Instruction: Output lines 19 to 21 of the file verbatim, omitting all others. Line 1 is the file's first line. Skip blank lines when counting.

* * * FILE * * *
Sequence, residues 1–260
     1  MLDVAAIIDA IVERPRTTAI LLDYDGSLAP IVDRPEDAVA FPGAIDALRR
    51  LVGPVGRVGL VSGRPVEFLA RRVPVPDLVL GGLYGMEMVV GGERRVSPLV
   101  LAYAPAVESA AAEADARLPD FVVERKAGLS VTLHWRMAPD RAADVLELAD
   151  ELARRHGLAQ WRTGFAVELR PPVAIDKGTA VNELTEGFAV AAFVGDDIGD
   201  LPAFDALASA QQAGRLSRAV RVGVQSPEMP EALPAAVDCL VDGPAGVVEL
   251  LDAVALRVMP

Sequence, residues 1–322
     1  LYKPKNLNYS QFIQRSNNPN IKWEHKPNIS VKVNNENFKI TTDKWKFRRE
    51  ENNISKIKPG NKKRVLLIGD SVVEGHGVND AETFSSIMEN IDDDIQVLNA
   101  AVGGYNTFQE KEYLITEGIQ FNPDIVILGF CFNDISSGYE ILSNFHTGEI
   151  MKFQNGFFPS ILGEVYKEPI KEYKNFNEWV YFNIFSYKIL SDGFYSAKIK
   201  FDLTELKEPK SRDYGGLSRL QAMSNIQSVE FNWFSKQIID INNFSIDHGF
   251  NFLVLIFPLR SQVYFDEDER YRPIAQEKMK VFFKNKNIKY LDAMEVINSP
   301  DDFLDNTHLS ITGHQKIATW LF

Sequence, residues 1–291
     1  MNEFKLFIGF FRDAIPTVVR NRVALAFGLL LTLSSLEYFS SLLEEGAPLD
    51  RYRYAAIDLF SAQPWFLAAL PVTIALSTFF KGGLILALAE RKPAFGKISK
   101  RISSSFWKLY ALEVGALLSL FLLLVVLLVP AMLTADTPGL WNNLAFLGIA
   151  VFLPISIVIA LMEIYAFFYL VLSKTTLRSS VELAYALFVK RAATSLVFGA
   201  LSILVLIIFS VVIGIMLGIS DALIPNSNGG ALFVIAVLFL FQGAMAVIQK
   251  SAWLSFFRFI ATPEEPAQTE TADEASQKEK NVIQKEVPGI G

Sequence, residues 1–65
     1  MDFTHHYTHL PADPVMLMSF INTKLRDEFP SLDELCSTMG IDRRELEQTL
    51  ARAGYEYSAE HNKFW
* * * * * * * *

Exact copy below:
   101  RISSSFWKLY ALEVGALLSL FLLLVVLLVP AMLTADTPGL WNNLAFLGIA
   151  VFLPISIVIA LMEIYAFFYL VLSKTTLRSS VELAYALFVK RAATSLVFGA
   201  LSILVLIIFS VVIGIMLGIS DALIPNSNGG ALFVIAVLFL FQGAMAVIQK